Morgan State University, Physics & Engineering Physics


Abstract: Building physics majors at any institution, especially Morgan State University – a public, urban, HBCU institution, can be very challenging. To address this challenge, I am applying a modified version of my pedagogical approach called “We C.A.R.E.” which stands for Curriculum, Advisement, Recruitment/Retention/Research, and Extras. This approach utilizes an integrated strategy of cultural (family-orientated), collaborative (shared-governance), and career (personalized-pathways) modalities to provide the framework and momentum of building physics majors. Also, I expanded department research interests, projects, and collaborations to (1) provide a variety of meaningful, year-around research experiences for undergraduates at Morgan and (2) prepare students for graduate studies in physics and related STEM disciplines. Thus, a detailed overview of the “We C.A.R.E.” approach will be presented along with an emphasis on recruitment, retention and research of 1st and 2nd year students.


Biography: Dr. Rockward has a unique combination of leadership from academic, professional, and community experiences. As a tenured professor at Morehouse College, he served the past 7 years as the Chair of the Department of Physics & Dual Degree Engineering Program (Physics & DDEP) and the past 20 years as the Research Director of the Materials and Optics Research & Engineering (MORE) Laboratory. Among his professional leadership experiences, he is the President of the National Society of Black Physicists and the immediate Past President of Sigma Pi Sigma Physics Honor Society. Also, he has served a combination of 23 years as Pastor of the Divine Unity Missionary Baptist Church and Associate Minister of Antioch Baptist Church North in East Point and Atlanta, Georgia, respectively. As Chair of Physics & DDEP at Morehouse, his vision and leadership resulted in the department being the US #1 producer for underrepresented minorities with Bachelor of Science degrees in Physics according to the American Institute of Physics in conjunction to boasting the Nation’s most productive Dual Degree Engineering Program. He is a strong proponent of STEM mentorship using methodologies of faculty-to-student, peer-to-peer, professional shadowing, life-skills coaching, and research apprenticeship. His current research interests include micro/nano optics lithography, extreme ultraviolet interferometry, metamaterials, terahertz imaging, nanostructure characterization, and crossed phase optics.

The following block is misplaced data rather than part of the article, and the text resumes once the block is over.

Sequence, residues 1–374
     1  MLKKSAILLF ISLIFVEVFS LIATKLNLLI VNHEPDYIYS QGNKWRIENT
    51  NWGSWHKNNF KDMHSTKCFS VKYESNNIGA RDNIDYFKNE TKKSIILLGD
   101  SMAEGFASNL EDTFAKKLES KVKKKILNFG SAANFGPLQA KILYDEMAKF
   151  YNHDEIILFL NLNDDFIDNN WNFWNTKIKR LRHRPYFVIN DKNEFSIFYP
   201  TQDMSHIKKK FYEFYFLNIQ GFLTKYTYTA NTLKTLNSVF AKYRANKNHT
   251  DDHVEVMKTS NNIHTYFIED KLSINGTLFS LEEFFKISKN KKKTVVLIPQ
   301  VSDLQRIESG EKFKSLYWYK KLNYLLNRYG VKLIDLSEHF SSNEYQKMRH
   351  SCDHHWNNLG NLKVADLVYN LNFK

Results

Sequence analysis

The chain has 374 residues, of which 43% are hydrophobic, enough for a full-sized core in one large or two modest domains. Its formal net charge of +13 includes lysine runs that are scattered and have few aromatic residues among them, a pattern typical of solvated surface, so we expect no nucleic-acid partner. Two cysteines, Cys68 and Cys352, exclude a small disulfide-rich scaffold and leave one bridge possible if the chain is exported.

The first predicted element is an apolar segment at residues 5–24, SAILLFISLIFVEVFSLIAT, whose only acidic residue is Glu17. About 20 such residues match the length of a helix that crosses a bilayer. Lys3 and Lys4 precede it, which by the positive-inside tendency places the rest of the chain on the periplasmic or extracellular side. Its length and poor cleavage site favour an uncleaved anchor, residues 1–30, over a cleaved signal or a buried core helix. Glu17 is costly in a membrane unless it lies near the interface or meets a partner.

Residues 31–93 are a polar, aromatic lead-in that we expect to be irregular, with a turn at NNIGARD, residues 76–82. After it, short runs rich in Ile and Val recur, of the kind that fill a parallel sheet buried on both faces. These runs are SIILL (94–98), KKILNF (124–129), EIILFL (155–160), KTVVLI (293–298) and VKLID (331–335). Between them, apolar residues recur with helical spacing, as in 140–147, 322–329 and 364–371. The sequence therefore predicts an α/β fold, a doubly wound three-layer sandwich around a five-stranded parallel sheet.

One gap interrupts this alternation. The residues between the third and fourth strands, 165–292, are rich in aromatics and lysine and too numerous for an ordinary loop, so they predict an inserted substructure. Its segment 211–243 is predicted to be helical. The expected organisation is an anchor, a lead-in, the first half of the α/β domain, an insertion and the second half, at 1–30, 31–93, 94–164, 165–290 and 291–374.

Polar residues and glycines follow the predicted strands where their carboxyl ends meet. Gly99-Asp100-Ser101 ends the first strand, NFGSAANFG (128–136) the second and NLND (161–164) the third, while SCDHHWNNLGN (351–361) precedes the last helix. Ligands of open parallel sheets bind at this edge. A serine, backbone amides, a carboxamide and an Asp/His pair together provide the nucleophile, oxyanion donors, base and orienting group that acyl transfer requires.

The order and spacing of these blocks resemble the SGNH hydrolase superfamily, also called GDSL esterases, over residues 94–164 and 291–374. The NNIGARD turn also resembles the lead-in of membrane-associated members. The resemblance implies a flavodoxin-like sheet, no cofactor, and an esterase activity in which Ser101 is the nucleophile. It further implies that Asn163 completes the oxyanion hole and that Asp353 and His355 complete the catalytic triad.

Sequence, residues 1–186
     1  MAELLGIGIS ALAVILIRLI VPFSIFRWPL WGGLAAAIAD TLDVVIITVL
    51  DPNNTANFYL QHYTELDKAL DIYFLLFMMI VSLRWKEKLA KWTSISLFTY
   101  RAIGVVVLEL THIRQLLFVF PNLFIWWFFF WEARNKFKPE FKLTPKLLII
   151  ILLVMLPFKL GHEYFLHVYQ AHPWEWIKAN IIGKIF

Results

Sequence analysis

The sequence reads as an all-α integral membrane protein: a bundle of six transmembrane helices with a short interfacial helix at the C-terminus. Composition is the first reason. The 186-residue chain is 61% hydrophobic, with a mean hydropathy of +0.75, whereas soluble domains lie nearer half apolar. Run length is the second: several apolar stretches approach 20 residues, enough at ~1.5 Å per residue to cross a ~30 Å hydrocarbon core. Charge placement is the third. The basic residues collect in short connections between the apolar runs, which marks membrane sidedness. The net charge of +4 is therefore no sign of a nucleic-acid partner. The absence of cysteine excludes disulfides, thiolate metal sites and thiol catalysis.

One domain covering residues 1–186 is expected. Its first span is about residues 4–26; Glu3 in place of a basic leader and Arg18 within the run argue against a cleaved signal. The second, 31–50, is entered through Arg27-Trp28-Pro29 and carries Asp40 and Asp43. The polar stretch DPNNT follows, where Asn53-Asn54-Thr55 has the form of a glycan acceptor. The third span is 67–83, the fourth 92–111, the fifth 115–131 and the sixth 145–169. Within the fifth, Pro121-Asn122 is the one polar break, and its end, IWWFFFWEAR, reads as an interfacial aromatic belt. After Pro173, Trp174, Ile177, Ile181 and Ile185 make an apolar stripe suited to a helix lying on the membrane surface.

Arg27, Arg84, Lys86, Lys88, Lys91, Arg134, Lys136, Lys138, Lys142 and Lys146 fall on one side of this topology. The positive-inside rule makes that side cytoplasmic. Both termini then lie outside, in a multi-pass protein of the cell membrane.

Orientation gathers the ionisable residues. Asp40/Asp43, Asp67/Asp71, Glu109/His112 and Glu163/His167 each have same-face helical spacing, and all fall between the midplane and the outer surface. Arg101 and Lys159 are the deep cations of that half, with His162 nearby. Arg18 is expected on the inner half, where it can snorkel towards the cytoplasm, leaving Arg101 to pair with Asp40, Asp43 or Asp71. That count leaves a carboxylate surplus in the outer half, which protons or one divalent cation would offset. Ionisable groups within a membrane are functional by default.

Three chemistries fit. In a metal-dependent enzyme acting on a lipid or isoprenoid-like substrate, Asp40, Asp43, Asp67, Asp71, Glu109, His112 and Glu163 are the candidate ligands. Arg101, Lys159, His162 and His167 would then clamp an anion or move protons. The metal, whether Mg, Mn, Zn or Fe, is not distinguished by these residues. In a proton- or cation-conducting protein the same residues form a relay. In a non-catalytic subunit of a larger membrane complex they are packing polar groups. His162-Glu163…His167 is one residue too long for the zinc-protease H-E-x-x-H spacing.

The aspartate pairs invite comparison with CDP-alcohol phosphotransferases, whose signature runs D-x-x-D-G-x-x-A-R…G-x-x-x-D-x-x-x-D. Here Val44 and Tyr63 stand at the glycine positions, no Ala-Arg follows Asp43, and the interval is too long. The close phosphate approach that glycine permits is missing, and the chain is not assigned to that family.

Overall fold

University of California – Irvine, Department of Physics and Astronomy